On Tuesday the United States Federal Bureau of Prisons (BOP) announced a 14-day national lockdown in an effort to slow the spread of COVID-19 among inmates in the federal incarceration system. The lockdown will affect about 170,000 prisoners, a small fraction of the 2.3 million imprisoned in the United States, most of them in prisons run by state governments and controlled by the governors.
The death of another inmate at the Oakdale Federal Correctional Institution in Louisiana was confirmed Wednesday, taking the total of deaths among those incarcerated at the prison to three. Nine inmates at the prison have tested positive and 32 more are exhibiting symptoms. The situation is so bad in Oakdale that the BOP has stopped testing for coronavirus and is assuming that anyone with symptoms has the disease.
The two-week lockdown order is part of a shift to Phase Five of the BOP’s Pandemic Plan. Phase Four was only implemented on March 26, when the US death toll was already 578. Details of the heightened vulnerability of prisoners to infection and death from COVID-19 and the deadly implications of the continuing delayed release of non-violent prisoners can found here .
The nature of the lockdown is particularly concerning. The measures will leave prisoners isolated in individual cells for at least 23 hours a day. One prisoner’s mother quoted her son’s description of the new conditions on Twitter, “We are confined to our units. Staff must serve us our meals, take our laundry, give us our meds, deliver our commissary (if they feel like doing commissary).”
Prisoners at state and local facilities are equally at risk. At the infamous Rikers Island jail, run by the New York City Department of Correction, there are 184 confirmed cases among inmates and more than 137 staff members have been infected. The city’s jails have an infection rate of nearly 4 percent. Hundreds more prisoners and prison workers have tested positive for the virus across the country. The chaos engulfing the penal system, the lack of testing, and orders encouraging staff to remain silent on the effects of COVID-19 crisis mean these numbers are likely much higher.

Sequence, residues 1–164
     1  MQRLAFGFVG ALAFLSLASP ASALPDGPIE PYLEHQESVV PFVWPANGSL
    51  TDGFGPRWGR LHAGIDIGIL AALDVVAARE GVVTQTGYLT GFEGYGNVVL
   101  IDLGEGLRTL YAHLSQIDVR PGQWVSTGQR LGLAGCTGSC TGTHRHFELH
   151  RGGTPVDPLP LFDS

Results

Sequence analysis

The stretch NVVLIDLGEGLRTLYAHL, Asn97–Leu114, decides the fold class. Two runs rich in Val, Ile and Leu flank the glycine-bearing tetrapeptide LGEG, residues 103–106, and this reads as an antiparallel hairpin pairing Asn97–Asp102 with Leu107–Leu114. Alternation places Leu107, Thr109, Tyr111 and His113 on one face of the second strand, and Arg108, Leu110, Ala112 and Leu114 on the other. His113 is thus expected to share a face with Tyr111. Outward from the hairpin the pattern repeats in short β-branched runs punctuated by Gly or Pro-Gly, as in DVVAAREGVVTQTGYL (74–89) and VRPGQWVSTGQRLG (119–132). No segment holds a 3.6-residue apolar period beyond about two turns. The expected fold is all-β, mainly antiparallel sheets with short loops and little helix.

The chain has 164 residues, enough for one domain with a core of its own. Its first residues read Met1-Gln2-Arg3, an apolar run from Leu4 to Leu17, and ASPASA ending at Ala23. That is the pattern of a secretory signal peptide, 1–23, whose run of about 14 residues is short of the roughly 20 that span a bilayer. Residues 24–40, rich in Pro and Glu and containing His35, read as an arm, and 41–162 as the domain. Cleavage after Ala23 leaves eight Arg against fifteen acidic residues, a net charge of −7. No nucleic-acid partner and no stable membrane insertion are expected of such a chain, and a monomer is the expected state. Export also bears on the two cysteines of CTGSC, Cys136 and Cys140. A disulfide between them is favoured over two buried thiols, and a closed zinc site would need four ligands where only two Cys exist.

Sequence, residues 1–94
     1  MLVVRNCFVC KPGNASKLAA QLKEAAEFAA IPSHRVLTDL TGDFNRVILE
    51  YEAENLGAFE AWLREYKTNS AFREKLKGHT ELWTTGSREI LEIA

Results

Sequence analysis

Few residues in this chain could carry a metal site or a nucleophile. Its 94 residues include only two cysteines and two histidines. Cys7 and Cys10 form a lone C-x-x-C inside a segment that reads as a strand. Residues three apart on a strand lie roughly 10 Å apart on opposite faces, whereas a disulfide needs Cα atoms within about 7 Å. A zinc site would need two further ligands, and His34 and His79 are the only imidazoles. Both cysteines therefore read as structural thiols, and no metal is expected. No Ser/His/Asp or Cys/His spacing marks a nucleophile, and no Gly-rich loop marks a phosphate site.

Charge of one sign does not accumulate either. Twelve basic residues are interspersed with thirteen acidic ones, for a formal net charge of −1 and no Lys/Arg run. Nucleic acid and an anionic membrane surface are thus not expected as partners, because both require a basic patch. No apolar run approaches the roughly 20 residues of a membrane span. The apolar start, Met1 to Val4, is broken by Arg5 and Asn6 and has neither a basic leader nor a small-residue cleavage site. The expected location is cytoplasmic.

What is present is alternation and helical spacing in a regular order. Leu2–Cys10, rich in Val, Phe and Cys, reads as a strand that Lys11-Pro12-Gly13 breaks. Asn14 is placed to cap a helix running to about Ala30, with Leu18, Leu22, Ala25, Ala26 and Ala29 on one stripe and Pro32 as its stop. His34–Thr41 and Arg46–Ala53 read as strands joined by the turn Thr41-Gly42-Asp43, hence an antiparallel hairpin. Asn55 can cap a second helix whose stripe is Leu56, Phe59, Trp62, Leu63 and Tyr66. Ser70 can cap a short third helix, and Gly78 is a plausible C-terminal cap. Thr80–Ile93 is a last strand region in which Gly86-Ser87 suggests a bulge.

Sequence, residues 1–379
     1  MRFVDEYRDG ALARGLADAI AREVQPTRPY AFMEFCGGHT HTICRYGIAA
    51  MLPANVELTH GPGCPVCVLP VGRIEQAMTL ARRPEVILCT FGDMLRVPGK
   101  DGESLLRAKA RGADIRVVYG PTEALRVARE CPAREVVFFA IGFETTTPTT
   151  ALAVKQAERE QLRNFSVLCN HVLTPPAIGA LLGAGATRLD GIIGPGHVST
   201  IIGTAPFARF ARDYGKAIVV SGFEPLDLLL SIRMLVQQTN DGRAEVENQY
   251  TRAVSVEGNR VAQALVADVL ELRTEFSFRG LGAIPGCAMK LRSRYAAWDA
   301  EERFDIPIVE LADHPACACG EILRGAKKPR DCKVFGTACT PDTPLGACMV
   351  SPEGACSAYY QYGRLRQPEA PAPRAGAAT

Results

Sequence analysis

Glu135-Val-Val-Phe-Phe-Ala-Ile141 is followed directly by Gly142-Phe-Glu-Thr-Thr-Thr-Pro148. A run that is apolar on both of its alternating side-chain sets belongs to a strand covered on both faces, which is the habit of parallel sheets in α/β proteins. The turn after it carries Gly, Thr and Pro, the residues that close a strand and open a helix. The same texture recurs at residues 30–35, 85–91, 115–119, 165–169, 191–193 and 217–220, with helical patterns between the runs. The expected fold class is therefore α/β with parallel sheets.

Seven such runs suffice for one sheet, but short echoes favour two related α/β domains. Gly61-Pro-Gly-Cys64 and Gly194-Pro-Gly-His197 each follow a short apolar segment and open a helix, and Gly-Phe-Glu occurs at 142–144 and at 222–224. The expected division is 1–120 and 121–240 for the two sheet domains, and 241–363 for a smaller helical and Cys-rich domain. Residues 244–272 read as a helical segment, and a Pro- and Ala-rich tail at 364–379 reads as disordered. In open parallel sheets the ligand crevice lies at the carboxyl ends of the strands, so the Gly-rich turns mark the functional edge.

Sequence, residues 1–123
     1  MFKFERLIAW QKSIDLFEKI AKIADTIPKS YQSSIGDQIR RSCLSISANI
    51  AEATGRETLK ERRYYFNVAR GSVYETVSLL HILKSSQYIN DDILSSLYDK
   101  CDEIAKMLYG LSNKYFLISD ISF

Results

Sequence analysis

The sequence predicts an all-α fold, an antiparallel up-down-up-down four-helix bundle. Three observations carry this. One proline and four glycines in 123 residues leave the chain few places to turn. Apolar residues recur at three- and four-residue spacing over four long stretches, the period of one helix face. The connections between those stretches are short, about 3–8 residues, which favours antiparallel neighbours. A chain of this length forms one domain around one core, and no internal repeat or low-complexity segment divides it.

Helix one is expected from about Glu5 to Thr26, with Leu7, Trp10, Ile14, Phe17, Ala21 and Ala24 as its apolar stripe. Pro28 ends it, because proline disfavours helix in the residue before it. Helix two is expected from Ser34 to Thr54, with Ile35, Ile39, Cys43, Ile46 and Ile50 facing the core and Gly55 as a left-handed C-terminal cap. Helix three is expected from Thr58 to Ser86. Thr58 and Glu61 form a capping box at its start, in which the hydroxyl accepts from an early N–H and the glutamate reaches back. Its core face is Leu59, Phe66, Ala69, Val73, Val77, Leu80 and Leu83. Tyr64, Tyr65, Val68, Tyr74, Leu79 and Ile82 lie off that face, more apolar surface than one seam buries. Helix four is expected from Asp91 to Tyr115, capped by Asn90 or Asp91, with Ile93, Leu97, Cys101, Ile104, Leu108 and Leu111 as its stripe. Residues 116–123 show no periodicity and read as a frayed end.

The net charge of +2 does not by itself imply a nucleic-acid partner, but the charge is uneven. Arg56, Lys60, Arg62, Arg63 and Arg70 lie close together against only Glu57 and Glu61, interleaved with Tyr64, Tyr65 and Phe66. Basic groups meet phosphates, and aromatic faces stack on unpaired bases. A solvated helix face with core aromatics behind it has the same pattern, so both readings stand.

A health care worker at Rikers Island told the World Socialist Web Site, “When prisoners are allowed out to use washroom facilities, 50 people are sharing one toilet. Soap isn’t guaranteed, they aren’t allowed hand sanitizer, it is true that people have smeared feces and there is regular flooding. It is totally unsanitary.”
A public statement by a group called Formerly Incarcerated Prison Experts stressed, “Inhumane solitary confinement is not to be confused with medical isolation or quarantine. … unsanitary conditions are even worse in cells designed for complete isolation.” Lockdown measures will only worsen sanitary conditions for inmates.
On February 28, a statement from the United Nations’ Office of the High Commissioner warned, “These dehumanizing conditions of detention, sometimes euphemistically referred to as “segregation,” “secure housing,” the “hole” or “lockdown,” are routinely used by US correctional facilities.”
Solitary confinement is recognized as a form of torture by the United Nations and medical professionals. In Psychology Today, J. Wesley Boyd M.D., Ph.D., wrote, “Let’s call it for what it is: Placing prisoners in solitary confinement is tantamount to torture and it needs to stop.” On any given day, around 61,000 people are in solitary confinement in the federal and state prisons. The effect this has on prisoners is often catastrophic. For example, in Texas the suicide rate among those who have spent time in solitary confinement is five times high than the average.
The confinement of individuals, many of whom are likely already infected, in conditions where their health will further deteriorate, is no solution to the acute outbreak of the coronavirus in prisons. Furthermore, despite this confinement, prisoners and prison workers continue to be at heightened risk of infection due to failure of administrators to provide basic personal protective equipment (PPE). Ultimately, the lockdown measures will only result in an increased number of deaths among the prison population and the further degradation of prisoners’ mental health.